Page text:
stopping criteria, learning rate, learning epochs, local minima, Fig. 1 shows the block diagram of the proposed TSK fuzzy

and overtuning issues [14], [24], [25]. However, as the output inference system. In this section, we first give a concise review

weights are computed based on the prefixed input weights of the regular TSK fuzzy inference system, ELMs, and the

and hidden biases, there may exist a set of nonoptimal or normalization method.

unnecessary input weights, and hidden biases. In [14], a hybrid

approach named E-ELM is proposed by combining differential A. Regular TSK Fuzzy Inference System

evolution (DE) and ELM. In E-ELM, a modified DE is used to The core of the TSK model [10] is a set of IF–THEN rules

search for the optimal input weights and hidden biases, while with fuzzy implications and first-order functional consequence

the MP generalized inverse is used to analytically calculate the parts, which has been proven to be a universal approximator.

output weights. The authors find that the hybrid method can The format of fuzzy rule Ri is given as follows:

achieve a good generalization performance with much more

compact networks. One shortcoming of E-ELM, however, is Ri : IF x1 is Ai1 , x2 is Ai2 , . . . , xM is AiM

that it may take much more training time than ELM because THEN yi = ci0 + ci1 x1 + · · · + ciM xM .

it incorporates DE. Moreover, there are more parameters to be

adjusted in E-ELM than ELM. For the fuzzy inference system, The number of rules can be determined by the clustering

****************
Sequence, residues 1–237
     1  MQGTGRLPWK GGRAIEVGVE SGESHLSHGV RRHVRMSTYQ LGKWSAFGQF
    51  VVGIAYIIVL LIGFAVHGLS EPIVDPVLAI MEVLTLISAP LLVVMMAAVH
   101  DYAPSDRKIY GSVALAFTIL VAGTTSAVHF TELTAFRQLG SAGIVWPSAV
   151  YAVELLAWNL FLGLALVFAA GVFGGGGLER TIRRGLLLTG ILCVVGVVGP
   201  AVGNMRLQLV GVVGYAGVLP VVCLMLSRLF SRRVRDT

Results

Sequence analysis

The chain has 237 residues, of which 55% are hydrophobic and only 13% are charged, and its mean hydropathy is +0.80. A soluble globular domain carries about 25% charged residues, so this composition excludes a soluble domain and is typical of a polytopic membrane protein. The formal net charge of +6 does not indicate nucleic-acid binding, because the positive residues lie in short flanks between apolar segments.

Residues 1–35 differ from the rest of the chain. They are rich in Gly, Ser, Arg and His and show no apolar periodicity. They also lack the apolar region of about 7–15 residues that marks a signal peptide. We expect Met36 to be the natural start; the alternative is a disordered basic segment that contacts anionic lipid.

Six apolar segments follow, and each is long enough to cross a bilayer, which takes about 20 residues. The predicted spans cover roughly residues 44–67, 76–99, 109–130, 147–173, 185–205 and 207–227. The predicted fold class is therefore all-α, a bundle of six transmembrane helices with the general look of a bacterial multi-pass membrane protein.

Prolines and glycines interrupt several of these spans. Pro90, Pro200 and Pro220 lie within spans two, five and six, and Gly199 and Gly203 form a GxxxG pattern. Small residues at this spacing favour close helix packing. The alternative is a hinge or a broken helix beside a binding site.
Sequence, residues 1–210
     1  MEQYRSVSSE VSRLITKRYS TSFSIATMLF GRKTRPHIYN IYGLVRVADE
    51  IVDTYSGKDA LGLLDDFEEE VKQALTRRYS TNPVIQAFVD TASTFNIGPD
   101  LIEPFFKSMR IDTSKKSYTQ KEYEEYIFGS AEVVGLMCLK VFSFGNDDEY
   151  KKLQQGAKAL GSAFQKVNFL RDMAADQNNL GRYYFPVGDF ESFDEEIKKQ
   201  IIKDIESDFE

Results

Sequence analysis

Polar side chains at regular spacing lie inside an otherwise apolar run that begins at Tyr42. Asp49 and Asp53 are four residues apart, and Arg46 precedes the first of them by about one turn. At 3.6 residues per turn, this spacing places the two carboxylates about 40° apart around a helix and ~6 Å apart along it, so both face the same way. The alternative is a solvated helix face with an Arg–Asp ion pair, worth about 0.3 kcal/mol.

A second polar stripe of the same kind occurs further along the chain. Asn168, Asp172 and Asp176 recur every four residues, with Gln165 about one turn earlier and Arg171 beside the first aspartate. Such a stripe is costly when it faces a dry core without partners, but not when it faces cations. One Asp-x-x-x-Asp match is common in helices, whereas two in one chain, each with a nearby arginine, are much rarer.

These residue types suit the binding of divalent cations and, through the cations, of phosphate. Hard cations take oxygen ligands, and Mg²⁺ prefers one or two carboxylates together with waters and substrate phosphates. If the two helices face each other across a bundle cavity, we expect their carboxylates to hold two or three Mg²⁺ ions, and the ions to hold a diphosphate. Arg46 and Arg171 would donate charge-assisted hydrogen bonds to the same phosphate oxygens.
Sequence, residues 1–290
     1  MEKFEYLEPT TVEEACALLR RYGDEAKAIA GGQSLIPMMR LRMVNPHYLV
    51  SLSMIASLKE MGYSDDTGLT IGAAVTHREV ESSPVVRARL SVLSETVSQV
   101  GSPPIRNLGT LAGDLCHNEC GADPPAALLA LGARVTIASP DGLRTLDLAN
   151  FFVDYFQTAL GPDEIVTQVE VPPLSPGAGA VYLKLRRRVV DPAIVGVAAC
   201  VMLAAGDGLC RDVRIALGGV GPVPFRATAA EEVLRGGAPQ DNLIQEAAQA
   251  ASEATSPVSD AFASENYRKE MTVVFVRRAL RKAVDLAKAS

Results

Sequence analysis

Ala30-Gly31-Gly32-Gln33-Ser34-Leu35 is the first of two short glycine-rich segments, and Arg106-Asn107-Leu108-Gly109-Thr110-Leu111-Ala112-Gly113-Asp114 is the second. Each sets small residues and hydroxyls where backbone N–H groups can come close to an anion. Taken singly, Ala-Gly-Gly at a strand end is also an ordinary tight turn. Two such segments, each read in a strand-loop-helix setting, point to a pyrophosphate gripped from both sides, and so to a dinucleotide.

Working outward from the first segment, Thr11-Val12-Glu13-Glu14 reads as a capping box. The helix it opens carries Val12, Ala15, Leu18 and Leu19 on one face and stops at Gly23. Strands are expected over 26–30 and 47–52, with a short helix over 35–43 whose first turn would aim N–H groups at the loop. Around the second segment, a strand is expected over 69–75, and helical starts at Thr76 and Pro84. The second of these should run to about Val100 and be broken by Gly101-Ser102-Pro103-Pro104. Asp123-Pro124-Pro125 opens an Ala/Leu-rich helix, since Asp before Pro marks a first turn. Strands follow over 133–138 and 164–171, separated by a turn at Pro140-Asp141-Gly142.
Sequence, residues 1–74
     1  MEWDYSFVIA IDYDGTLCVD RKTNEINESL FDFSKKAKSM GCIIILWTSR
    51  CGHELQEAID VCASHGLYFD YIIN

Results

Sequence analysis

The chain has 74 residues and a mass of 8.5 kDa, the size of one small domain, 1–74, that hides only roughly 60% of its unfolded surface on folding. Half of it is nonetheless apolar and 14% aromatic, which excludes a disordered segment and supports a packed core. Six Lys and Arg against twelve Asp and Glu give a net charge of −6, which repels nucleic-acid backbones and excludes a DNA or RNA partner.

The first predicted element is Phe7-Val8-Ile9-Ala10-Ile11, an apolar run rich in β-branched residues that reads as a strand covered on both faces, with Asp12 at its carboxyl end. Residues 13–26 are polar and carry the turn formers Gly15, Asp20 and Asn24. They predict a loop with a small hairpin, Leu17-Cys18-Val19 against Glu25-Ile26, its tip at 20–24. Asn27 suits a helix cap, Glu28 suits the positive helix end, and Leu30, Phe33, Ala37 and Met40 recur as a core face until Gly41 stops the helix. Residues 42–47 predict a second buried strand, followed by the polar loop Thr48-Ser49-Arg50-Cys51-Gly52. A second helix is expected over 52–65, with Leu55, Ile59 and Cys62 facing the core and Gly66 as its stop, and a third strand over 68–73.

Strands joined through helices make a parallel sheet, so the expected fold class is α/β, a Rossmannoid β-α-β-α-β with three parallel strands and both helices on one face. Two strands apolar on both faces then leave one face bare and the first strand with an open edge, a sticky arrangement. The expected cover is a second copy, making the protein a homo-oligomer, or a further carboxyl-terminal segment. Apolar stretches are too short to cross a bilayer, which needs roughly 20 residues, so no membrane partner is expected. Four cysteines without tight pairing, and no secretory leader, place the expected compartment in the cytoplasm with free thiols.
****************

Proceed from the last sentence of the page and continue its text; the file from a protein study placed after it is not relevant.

there are multiple neural networks that are trained at the same method. The algorithm creates linear models that locally ap-

time. Therefore, it may take a long training time if we use proximate the function to be learned. Structure identification

E-ELM in the fuzzy inference system. It is also difficult to sets a coarse fuzzy partitioning of the domain, while param-

obtain the optimum parameters of E-ELM. eter identification optimally adjusts premise and consequent

Based on the previous analyses, we propose an ELM-based parameters. The algorithm is divided into three major parts:

TSK (ETSK) fuzzy inference system in this paper. In the ETSK 1) the partition of inference rules; 2) the identification of IF

method, the membership of arbitrary input for each fuzzy rule is parts; and 3) the identification of THEN parts. For the TSK, an

derived through an ELM, followed by a normalization method, ANN represents a rule, while all the membership functions are

which transforms the outputs into the interval [0, 1]. At the represented by only one ANN.

same time, the consequent part of the fuzzy rules is identified

by multiple ELMs. Due to the advantages of ELM, the ETSK

B. ELM

can avoid the many difficulties that are faced by gradient-

based learning methods such as stopping criteria, learning rate, ELM is a relatively new learning algorithm for SLFNs [14],

learning epochs, local minima, and overtuning issues, which are [15]. It randomly chooses the input weights and analytically

also encountered in the regular TSK fuzzy inference system. determines the output weights of SLFNs.

SUN et al.: NEURO-FUZZY INFERENCE SYSTEM 1323

xi , β = [β 1 , . . . , β K ] is the matrix of output weights, and

T = [t1 , t2 , . . . , tN ]T is the matrix of targets.

In ELM, the input weights and hidden biases are randomly

generated instead of tuned. Thus, determination of the output